BY HIDALGO COUNTY JUDGE RICHARD F. CORTEZ
All of us have lost loved ones. And many of us have had to seek the help of emergency medical personnel at times of need for our loved ones. They are unfettered moments when loved ones will literally cry out in agony. Those are the moments that seconds seem like hours.
I have thought a lot about that lately as I now listen to the agony of our community. The month of July was one like no other in Hidalgo County. It has tested us with death, disease, economic suffering and finally, a natural disaster called Hurricane Hanna. As far as I can tell, nothing like this twin combination of pandemic and a natural disaster like a hurricane has ever confronted any U.S. community in the history of our country.
Intellectually, I know we will get through this. But I must acknowledge that there have been too many days in July that I have heard the cries of the people of Hidalgo County — and their agony can be overwhelming.
Before July of this year, just over 100 of our family, friends and neighbors had died from this scourge called COVID-19. Within a matter of weeks in July, that number jumped sixfold. Hospitalizations have tripled and our overall caseload of positive COVID-19 cases have quadrupled.
Despite this, there were moments of hope such as when the Christian group Samaritan’s Purse visited us to see how they could help by way of a field hospital such as the one they set up in New York City earlier this year. But it was followed by profound discouragement when the group declined to help.
Then came Hurricane Hanna. It brought wind speeds of up to 110 mph, and dumped more than 10 to 15 inches of rain in our midst, and forced the evacuation of hundreds of our neighbors as well as leaving thousands of us without power. If ever the cries of this community could be heard, it was during these intense, often overwhelming weeks of July.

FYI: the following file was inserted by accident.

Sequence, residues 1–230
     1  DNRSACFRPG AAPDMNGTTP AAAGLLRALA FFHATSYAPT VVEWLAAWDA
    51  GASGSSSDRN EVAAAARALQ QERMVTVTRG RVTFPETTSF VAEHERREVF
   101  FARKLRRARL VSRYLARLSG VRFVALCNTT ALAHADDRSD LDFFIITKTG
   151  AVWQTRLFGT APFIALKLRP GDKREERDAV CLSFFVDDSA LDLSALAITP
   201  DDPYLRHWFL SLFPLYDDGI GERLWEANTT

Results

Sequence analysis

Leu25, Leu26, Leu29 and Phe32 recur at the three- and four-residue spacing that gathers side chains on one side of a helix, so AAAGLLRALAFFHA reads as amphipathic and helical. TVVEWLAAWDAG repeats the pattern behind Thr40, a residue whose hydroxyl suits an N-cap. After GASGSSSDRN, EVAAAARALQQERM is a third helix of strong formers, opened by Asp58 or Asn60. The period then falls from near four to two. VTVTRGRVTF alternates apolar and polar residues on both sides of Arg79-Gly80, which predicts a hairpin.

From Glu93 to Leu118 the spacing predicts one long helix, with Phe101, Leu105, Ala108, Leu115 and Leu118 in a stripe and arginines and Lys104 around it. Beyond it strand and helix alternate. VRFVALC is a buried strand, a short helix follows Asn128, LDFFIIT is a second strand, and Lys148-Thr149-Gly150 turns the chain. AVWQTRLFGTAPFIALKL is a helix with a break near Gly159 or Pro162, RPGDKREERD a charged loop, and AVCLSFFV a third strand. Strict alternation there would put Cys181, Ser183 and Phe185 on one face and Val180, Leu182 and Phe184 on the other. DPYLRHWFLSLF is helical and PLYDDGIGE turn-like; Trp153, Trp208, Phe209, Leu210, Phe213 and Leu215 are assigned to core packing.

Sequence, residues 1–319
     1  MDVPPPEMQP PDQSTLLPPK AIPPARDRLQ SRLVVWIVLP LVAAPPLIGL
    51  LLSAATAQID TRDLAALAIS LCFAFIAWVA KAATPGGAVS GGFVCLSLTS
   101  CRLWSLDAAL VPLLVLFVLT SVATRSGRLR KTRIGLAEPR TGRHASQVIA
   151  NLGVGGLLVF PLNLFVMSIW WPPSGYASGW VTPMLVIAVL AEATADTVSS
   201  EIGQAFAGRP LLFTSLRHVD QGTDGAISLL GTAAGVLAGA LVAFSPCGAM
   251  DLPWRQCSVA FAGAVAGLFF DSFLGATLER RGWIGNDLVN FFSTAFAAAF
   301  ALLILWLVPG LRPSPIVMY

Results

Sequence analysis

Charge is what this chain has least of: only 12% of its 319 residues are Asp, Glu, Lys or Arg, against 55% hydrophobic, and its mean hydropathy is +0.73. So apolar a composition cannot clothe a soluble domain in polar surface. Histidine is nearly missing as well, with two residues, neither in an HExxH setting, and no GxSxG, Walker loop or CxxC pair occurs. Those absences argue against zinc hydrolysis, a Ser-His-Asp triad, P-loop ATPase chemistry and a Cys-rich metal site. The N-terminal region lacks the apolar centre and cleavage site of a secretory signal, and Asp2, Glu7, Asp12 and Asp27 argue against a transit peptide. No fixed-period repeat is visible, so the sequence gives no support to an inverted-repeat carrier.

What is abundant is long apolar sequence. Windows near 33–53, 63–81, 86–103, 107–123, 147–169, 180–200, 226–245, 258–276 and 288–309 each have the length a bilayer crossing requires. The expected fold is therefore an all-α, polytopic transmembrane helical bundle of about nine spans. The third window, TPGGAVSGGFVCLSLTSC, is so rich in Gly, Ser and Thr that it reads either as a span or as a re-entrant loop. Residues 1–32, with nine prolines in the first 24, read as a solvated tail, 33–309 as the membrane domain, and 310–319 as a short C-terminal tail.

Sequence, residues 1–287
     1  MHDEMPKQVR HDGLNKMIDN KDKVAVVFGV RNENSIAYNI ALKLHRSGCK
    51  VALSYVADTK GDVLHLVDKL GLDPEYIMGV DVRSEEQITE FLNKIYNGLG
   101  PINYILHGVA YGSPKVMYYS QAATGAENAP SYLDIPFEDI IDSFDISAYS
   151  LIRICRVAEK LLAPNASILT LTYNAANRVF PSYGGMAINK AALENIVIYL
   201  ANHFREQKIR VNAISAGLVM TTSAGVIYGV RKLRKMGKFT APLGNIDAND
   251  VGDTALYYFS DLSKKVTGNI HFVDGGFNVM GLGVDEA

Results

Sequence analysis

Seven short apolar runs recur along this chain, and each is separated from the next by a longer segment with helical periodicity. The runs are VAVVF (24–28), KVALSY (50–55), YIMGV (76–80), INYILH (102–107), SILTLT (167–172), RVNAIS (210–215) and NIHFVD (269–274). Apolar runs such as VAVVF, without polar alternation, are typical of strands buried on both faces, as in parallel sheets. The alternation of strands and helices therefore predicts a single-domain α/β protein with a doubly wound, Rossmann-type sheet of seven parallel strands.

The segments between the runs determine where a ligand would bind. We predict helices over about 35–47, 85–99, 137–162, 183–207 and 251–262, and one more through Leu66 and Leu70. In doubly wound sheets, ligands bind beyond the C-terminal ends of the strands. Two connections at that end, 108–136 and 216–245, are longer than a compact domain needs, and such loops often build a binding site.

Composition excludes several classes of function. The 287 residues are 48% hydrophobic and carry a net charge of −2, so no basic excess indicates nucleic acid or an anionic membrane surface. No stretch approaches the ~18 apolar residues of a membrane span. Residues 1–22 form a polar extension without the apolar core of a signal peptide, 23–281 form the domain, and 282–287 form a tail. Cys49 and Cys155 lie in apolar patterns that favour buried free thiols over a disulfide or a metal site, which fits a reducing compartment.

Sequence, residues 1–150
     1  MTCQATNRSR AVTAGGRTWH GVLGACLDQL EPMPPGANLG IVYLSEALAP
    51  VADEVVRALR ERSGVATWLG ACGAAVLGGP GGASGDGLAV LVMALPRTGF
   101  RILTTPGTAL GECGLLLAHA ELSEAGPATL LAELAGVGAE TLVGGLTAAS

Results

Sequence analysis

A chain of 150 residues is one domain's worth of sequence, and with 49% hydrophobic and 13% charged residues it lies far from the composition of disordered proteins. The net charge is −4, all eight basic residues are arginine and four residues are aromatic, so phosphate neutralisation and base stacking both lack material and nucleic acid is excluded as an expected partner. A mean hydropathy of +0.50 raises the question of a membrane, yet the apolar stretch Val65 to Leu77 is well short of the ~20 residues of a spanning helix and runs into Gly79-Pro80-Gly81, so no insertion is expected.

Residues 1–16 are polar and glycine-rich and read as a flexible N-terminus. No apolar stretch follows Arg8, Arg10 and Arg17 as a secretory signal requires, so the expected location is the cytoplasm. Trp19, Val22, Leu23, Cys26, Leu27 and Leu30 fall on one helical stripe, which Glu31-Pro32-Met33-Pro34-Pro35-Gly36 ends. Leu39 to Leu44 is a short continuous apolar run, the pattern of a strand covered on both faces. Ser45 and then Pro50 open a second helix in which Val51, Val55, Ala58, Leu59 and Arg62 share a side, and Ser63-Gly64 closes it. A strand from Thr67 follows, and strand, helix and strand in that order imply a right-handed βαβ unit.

Certainly there were moments of doubt for me. How can this community sustain this ongoing trial by fire? And there were moments of frustration: was Texas wrong in reopening several months ago? Did our community fight hard enough to keep Hidalgo County safe? What more could we have done?
Perhaps the biggest regret: the time many of our community leaders wasted bickering over $151 million in federal money that had been sent our way at the beginning of this pandemic. Thank God we set aside some of this disputed money to help contend with the magnitude of the challenges that July wrought.
But just like we have all witnessed with the loss of loved ones, I’m seeing a courageousness in our community. It is driven by faith and resolve. I’m seeing the better angels of our nature blasting away any sense of doubt or hopelessness about our current situation.
I see it in the countless health care workers and first responders — many who have come from other parts of the country into one of the hottest of COVID-19 hotspots — to minister to our sickest. I’m seeing it in countless businesses working diligently to survive and continue to contribute to our economy. I’m seeing it among the many essential workers marching without hesitation into a community poisoned with disease in the ultimate demonstration of neighbors helping neighbors.
Community leaders are united. Faith leaders are committed. And the world is witness to a phenomena that most of us already understand about Hidalgo County: we as a community will survive this crisis because we are committed to one another’s survival.
The agony of July, I am convinced, will mark a turning point for our community. And the cries of our people will evolve one day into exaltation.
Richard F. Cortez is Hidalgo County judge.